Courtesy Reuters

MY EXPERIENCES IN THE WORLD WAR. By GENERAL JOHN J. PERSHING. New York: Stokes, 1931, 2 vols., pp. 400, 436.

THE tale of Memoirs of those who held high command in the Great War is approaching completion. I have read all which have so far been published -- British, French, Italian, German, Austrian and Russian; of them all, General Pershing's appear to me to be the frankest.

Some two-thirds of General Pershing's book is concerned with the creation of the American Army in France, the remainder with its employment. That is natural, for General Pershing landed in France on June 13, 1917, and the first battle fought by an American army under his command began on September 12, 1918, with the attack on the Saint Mihiel salient. The work of creating the army was far longer, more arduous and more complicated than the work of leading it when created. It is clearly beyond the competence of an Englishman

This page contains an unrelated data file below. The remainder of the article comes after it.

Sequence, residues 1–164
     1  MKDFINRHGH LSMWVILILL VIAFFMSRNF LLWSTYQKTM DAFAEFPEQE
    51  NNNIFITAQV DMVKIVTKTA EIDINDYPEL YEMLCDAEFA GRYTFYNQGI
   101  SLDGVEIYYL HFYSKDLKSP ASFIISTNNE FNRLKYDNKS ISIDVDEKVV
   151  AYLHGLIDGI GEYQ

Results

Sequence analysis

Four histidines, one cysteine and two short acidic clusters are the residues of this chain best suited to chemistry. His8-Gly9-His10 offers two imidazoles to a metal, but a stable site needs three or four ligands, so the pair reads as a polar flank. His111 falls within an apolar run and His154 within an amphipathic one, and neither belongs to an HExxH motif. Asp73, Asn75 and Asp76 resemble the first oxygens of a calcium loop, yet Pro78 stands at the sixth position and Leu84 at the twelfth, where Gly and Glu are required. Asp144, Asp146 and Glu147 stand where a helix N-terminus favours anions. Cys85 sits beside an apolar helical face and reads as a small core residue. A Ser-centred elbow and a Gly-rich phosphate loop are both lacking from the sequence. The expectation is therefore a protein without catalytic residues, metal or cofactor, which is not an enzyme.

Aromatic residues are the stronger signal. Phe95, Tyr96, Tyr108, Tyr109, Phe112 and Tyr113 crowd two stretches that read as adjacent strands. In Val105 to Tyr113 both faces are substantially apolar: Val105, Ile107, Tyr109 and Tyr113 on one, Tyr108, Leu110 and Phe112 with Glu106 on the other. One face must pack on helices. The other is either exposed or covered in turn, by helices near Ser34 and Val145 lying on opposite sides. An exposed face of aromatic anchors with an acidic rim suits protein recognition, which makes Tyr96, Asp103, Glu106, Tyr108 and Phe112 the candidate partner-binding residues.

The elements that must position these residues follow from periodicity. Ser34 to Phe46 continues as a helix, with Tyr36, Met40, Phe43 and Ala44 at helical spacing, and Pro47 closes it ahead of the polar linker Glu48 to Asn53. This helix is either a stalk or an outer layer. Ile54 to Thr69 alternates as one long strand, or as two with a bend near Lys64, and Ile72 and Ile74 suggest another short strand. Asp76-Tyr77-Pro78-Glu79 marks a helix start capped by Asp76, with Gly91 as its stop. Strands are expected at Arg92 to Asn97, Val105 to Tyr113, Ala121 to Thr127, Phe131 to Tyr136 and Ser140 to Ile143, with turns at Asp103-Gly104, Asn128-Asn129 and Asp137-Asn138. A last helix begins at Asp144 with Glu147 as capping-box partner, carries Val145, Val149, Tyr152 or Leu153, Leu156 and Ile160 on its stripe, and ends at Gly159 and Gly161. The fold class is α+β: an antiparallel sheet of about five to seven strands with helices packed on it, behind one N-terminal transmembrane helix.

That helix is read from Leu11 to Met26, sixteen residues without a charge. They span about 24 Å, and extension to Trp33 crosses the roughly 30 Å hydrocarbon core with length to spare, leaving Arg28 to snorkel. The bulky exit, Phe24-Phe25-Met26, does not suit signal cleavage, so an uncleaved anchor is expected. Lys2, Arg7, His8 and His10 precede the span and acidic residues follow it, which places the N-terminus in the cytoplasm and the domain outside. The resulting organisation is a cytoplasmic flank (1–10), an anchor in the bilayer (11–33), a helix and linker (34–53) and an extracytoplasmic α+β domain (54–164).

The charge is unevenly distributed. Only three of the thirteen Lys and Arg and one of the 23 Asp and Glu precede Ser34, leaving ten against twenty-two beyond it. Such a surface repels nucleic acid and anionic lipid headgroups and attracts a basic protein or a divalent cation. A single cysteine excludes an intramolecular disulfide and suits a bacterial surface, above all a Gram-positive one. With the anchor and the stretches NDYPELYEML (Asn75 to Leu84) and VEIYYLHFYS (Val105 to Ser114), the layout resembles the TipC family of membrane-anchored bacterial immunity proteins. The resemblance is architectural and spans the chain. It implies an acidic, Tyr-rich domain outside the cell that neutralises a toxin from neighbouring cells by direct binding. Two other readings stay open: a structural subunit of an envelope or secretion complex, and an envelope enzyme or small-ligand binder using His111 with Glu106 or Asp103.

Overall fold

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  • MAJOR-GENERAL SIR FREDERICK MAURICE, Director of Military Operations of the British General Staff, 1915-18; author of "Lord Wolseley," "Robert E. Lee, the Soldier," and other military studies
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